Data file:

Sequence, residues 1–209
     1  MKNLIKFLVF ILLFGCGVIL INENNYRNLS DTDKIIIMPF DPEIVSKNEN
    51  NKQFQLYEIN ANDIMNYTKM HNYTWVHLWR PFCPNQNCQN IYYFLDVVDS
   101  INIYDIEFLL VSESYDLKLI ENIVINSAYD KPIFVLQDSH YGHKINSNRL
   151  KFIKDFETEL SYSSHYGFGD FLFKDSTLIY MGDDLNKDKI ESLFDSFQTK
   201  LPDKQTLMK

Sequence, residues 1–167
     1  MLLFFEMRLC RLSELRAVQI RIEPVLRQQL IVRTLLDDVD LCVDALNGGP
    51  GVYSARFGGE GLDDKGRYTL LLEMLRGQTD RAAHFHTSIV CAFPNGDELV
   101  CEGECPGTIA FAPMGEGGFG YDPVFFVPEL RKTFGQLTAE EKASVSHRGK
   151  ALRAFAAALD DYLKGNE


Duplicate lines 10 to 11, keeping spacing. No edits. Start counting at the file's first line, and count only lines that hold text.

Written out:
   101  CEGECPGTIA FAPMGEGGFG YDPVFFVPEL RKTFGQLTAE EKASVSHRGK
   151  ALRAFAAALD DYLKGNE